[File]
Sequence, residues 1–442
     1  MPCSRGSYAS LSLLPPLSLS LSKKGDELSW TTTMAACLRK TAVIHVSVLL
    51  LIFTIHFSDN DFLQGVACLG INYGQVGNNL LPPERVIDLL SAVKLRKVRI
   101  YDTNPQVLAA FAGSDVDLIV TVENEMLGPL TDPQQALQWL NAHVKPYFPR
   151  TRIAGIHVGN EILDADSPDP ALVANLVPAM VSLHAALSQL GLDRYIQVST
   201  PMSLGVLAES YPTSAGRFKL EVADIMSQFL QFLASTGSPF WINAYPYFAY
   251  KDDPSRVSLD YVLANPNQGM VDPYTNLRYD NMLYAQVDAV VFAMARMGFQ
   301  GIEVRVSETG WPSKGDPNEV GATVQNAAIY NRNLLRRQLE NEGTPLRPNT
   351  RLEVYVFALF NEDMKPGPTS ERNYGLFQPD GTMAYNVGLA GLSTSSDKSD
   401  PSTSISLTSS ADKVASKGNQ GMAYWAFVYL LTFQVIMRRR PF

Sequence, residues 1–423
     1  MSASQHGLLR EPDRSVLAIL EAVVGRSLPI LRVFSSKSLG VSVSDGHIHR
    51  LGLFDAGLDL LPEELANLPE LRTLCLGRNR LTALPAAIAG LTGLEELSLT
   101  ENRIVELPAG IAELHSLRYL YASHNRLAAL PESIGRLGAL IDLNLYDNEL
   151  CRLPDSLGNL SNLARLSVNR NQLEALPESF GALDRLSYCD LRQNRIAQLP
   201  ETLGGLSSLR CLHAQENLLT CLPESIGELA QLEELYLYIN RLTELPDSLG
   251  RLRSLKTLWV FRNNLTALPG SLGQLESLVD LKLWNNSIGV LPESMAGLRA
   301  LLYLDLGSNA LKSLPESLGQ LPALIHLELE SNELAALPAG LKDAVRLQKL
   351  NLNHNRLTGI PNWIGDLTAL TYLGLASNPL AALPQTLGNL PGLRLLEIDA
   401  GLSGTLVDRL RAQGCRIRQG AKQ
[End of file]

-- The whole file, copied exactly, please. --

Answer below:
Sequence, residues 1–442
     1  MPCSRGSYAS LSLLPPLSLS LSKKGDELSW TTTMAACLRK TAVIHVSVLL
    51  LIFTIHFSDN DFLQGVACLG INYGQVGNNL LPPERVIDLL SAVKLRKVRI
   101  YDTNPQVLAA FAGSDVDLIV TVENEMLGPL TDPQQALQWL NAHVKPYFPR
   151  TRIAGIHVGN EILDADSPDP ALVANLVPAM VSLHAALSQL GLDRYIQVST
   201  PMSLGVLAES YPTSAGRFKL EVADIMSQFL QFLASTGSPF WINAYPYFAY
   251  KDDPSRVSLD YVLANPNQGM VDPYTNLRYD NMLYAQVDAV VFAMARMGFQ
   301  GIEVRVSETG WPSKGDPNEV GATVQNAAIY NRNLLRRQLE NEGTPLRPNT
   351  RLEVYVFALF NEDMKPGPTS ERNYGLFQPD GTMAYNVGLA GLSTSSDKSD
   401  PSTSISLTSS ADKVASKGNQ GMAYWAFVYL LTFQVIMRRR PF

Sequence, residues 1–423
     1  MSASQHGLLR EPDRSVLAIL EAVVGRSLPI LRVFSSKSLG VSVSDGHIHR
    51  LGLFDAGLDL LPEELANLPE LRTLCLGRNR LTALPAAIAG LTGLEELSLT
   101  ENRIVELPAG IAELHSLRYL YASHNRLAAL PESIGRLGAL IDLNLYDNEL
   151  CRLPDSLGNL SNLARLSVNR NQLEALPESF GALDRLSYCD LRQNRIAQLP
   201  ETLGGLSSLR CLHAQENLLT CLPESIGELA QLEELYLYIN RLTELPDSLG
   251  RLRSLKTLWV FRNNLTALPG SLGQLESLVD LKLWNNSIGV LPESMAGLRA
   301  LLYLDLGSNA LKSLPESLGQ LPALIHLELE SNELAALPAG LKDAVRLQKL
   351  NLNHNRLTGI PNWIGDLTAL TYLGLASNPL AALPQTLGNL PGLRLLEIDA
   401  GLSGTLVDRL RAQGCRIRQG AKQ